The East Coast was Bustling
By the end of the first millennium of the Common Era, the east coast of Africa was bustling. Arab and Asian seafarers had discovered the seasonal trade winds, which enabled them to sail up and down the African shore where they snapped up animal skins, gold and ivory from the locals. Several trading stations were subsequently established at places such as Zanzibar, Mogadishu, Madagascar and Kilwa, creating a marine trade network that predated the European voyages of discovery by over 500 years.
The most southerly trading station was Sofala, located near the modern-day city of Beira, in Mozambique. As such, teams of African porters from the interior would carry their trade goods to the coast, where it was exchanged for glass beads, cowrie shells and the occasional piece of porcelain from the Far East.
The Mapungubwe Civilisation
Since the Limpopo region contained healthy supplies of wild elephants for ivory as well as nuggets of alluvial gold in the rivers, several tribes in the region became very prosperous. Gradually, these early entrepreneurs began to develop a sophisticated civilisation based on personal wealth and status. Fortunately, at the time, the climate was in a benevolent phase and the developing kingdoms were bolstered by fertile lands and bountiful herds.
A prominent centre of this mercantile Iron Age culture was located several hundred kilometres to the north-west of the Kruger National Park, near the junction of the Limpopo and Shashe rivers. By 1200, this society had developed into a considerable empire, exerting an influence over several hundred square kilometres in what is now the cross-border region between Botswana, Zimbabwe and South Africa.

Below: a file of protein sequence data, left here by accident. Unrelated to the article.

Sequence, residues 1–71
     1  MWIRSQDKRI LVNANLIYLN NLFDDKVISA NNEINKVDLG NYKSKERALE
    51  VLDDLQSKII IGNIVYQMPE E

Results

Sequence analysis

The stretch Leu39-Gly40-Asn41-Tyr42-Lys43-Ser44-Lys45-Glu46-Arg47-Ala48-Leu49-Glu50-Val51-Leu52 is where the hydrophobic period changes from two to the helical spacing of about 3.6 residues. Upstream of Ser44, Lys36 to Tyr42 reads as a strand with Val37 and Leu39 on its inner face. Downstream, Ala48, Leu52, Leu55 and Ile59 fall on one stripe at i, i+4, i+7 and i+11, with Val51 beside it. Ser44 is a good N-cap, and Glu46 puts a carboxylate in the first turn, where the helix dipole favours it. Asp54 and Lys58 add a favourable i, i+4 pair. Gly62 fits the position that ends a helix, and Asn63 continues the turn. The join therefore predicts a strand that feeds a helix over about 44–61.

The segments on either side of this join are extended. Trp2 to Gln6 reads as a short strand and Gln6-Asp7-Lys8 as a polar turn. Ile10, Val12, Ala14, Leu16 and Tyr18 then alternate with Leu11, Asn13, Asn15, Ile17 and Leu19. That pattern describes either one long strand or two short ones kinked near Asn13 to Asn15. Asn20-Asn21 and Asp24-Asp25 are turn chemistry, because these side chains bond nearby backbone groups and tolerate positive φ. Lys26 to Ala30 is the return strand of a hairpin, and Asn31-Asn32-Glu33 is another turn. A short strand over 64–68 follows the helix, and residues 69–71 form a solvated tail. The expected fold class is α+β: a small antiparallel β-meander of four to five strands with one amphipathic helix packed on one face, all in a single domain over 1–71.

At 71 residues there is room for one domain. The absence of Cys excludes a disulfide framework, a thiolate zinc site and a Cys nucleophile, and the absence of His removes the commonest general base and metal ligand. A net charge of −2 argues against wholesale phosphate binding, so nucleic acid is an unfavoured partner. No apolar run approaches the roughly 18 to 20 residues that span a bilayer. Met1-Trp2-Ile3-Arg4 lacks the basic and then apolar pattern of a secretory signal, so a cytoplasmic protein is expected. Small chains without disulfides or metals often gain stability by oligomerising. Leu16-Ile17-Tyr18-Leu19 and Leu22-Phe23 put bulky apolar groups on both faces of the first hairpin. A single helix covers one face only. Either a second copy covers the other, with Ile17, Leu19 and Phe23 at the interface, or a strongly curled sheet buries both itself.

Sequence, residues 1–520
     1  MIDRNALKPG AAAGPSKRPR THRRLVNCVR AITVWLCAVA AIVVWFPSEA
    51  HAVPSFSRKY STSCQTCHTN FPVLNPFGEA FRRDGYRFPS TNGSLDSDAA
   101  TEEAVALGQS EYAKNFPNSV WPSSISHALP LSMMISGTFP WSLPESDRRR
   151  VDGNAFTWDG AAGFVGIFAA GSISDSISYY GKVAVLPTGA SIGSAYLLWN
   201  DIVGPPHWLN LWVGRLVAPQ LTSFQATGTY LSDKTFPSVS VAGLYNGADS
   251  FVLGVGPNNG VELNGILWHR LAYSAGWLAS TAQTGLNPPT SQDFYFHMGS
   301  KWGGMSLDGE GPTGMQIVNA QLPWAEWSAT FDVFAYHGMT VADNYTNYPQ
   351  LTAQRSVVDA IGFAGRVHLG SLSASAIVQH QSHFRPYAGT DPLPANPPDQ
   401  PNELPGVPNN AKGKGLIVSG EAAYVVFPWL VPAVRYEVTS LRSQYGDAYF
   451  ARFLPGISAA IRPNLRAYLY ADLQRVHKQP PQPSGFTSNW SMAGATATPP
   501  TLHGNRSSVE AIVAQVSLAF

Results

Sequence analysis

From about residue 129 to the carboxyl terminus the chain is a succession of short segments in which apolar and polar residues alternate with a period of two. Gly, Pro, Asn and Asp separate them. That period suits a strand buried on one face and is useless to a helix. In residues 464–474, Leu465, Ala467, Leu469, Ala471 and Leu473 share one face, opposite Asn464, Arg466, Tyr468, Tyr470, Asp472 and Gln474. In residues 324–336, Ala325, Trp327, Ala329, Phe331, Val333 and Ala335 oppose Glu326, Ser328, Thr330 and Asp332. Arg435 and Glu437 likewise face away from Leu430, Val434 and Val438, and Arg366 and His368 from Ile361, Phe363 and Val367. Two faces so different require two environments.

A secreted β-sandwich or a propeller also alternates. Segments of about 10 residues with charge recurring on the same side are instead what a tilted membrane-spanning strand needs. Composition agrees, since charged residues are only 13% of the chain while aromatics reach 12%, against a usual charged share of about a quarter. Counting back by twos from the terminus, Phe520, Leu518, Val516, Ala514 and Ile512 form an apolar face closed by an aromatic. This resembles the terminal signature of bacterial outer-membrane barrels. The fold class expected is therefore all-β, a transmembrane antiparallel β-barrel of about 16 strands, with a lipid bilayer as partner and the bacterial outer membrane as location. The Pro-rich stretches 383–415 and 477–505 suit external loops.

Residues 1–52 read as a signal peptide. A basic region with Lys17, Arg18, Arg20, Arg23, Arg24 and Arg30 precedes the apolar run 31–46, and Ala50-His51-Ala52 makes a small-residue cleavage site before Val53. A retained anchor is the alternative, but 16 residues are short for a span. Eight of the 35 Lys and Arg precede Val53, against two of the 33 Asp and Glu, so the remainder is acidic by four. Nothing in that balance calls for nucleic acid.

Known today as the Mapungubwe civilisation, the capital city was built around a distinctive flat-topped hill on the southern side of the Limpopo River. On the summit of the hill lived the king and a small entourage. At the foot of the hill lived several thousand citizens, who literally looked up at their king as a sacred being.
For 100 years, the people living around Mapungubwe Hill flourished. Then, quite suddenly, the civilisation collapsed. It does not appear as if the hill was invaded by an external force, but climate change and drought may have forced the people to move on. Whatever the case, circa 1290, Mapungubwe was abruptly abandoned.
African tribes who subsequently lived in the area considered the hill to be taboo. It was said to be the home of ancestors and cursed would be the man who attempted to climb the hill. Mapungubwe was therefore shunned and the story of its people remained shrouded in mystery for 700 years.
It was only in the 1930s that white farmers in the area heard of the forbidden hill and, unconcerned with native superstition, climbed up its steep flanks. Their re-discovery of several royal graves on the hilltop, complete with golden grave goods, sparked off a 70-year excavation that is still ongoing.
There are many archaeological sites where the mysteries of the past and ancient peoples are still haunting this harsh landscape. Mapungubwe Hill (‘Place of the Jackal’) is situated reasonably near Musina at the border post. It used to be a natural fortress and was inhabited between approximately AD 950 to 1200. Discoveries include many gold manufactured artefacts and indicates a trading culture between Africa, India and China.
A Uniquely African Moment
Mapungubwe is the first national park to be dedicated to a uniquely African moment; one which celebrates a history that was once denied or dismissed.
But it’s about more than just politics. Mapungubwe is proving to be popular because it is a fantastic place to visit. The scenery is unusual and distinctive. The rest camps are outstanding. And the park also contains the three important archaeological sites of Mapungubwe Hill, K2 and Schroda.
By David Fleminger